Caitlyn Hunter: We had an unexpected break in our author interviews today so we decided to put up another character interview similar to the one I did in December of last year with Apprentice Angel, Ted “Mac” McNabb, from my book Unwilling Angel. This one is with Marcus Tassel, the hero of my upcoming book Storm Shadows.
Okay, Marc, let’s start this conversation by having you tell us a little bit about yourself.
Marcus Tassel: I guess I should start with the basics; I live on Eternity Mountain in the Blue Ridge Mountains of North Carolina, I’m Cherokee, and I’m a shape-shifter.
CH: A shape-shifter, you mean like a werewolf?
MT: No, that would be my brother Luke. He shifts to a wolf. Me, I turn into a cougar.
CH: How often does this happen?
MT: Whenever I want it to; these days anyway, but back when the Shamans first cursed us—
CH: Wait, us?
MT: Yes, me and my three brothers.
MT: For putting aside our responsibility to our tribe. You see, the Cherokee believe every person has a certain amount of responsibility to their People and my brothers and I turned away from that so the Shamans warned us to straighten up. We ignored their warning, enticed other men to join us, and more or less lived like wild animals for a while. It was all fun until someone died then the Shamans decided they’d had enough and cursed us.
The curse included exile to Eternity Mountain and we’re all shape-shifters; Matt into a bear, me into a cougar, and Luke into a wolf. Poor Jon can shift into just about any animal he wants, which gives him a lot of animals to watch over since part of the curse is protecting the animals we turn into and keeping their habitats on the mountain safe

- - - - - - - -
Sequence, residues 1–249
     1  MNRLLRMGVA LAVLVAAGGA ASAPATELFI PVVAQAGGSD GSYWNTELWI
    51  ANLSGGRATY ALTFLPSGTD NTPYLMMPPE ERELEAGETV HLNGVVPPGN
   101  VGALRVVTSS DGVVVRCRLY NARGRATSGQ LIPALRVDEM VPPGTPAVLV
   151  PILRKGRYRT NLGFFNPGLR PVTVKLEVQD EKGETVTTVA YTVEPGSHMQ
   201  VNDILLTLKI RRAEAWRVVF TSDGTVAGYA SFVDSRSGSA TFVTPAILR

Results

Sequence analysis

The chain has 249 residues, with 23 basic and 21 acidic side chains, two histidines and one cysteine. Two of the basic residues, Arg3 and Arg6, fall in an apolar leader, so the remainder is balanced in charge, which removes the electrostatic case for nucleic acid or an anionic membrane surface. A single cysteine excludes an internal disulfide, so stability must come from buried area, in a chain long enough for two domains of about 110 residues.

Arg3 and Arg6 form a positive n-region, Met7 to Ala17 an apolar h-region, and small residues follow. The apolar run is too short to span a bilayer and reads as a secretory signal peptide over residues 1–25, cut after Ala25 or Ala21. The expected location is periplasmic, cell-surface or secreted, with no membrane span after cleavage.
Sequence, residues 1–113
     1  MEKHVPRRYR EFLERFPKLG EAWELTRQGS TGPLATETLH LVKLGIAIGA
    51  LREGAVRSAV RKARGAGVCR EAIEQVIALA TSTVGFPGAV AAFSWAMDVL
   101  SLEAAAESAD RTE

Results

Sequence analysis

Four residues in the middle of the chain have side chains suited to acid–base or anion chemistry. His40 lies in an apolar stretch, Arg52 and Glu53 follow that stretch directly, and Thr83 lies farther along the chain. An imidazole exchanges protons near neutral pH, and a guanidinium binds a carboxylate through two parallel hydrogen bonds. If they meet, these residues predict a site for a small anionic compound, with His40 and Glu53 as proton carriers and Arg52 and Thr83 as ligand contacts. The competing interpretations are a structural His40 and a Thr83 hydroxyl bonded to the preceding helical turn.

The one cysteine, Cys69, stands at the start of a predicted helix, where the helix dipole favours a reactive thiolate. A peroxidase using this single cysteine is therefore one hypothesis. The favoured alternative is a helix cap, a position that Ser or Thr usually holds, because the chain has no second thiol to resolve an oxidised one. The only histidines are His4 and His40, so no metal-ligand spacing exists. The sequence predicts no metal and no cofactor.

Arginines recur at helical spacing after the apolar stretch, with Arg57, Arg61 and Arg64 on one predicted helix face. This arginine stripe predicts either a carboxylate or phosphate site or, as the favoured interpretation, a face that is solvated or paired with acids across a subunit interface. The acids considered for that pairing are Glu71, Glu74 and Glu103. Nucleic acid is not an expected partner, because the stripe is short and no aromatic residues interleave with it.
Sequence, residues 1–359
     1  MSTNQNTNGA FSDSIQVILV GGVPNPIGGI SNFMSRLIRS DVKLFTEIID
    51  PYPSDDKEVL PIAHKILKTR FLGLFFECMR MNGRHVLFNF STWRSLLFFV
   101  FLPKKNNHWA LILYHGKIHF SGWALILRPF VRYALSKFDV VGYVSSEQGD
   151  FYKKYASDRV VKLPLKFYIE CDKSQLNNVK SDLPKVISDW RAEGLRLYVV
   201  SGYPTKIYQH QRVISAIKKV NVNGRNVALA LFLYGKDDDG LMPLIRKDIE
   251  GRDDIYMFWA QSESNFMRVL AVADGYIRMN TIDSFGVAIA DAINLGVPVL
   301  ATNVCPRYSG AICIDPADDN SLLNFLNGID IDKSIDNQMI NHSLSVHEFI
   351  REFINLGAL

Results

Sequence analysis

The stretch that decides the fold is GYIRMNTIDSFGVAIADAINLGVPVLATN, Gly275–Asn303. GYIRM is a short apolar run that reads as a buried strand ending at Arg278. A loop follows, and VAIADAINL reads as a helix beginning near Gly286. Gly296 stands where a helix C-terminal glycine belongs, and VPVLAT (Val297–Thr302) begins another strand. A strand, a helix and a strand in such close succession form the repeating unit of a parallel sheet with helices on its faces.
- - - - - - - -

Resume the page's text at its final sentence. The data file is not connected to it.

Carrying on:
CH: And when did all this, the curse I mean, happen?
MT: Hundreds of years ago, I’d give you the exact date but even we don’t know when it was. We do know it was before the white man came to live there, back when the only people who walked the Blue Ridge Mountains were the Cherokee and a few other tribes of Native Americans.
CH: Wow, that would make you more than 300 years old, right?
MT: Yeah, about that but like I said, we don’t really know the exact date.
CH: You held up good.
MT: Thank you, immortality has a lot going for it in that respect.
CH: Anything else we should know about the curse?
MT: All of us have psychic abilities, something else I don’t think the Shamans intended, but we all have them. We can read each other’s minds and the minds of most people we meet. I’m also, to a certain extent, precognitive, meaning I sometimes know what’s going to happen before it happens—but that’s not always a sure thing.
CH: What do you mean by “not always a sure thing?”
Well, take my fiancé, Betty Sue, for instance. She first started showing up in my visions back in the 1960’s and she’s pretty much been a constant visitor in them since then. Only thing was, I never saw her face until I actually met her in real life. All I really remembered about her after a vision was her eyes. She has what I call storm shadow eyes; they’re the color of storm clouds lit from behind by the sun. That was the only thing I remembered—well, that and she was fiercely determined to keep me alive at any cost.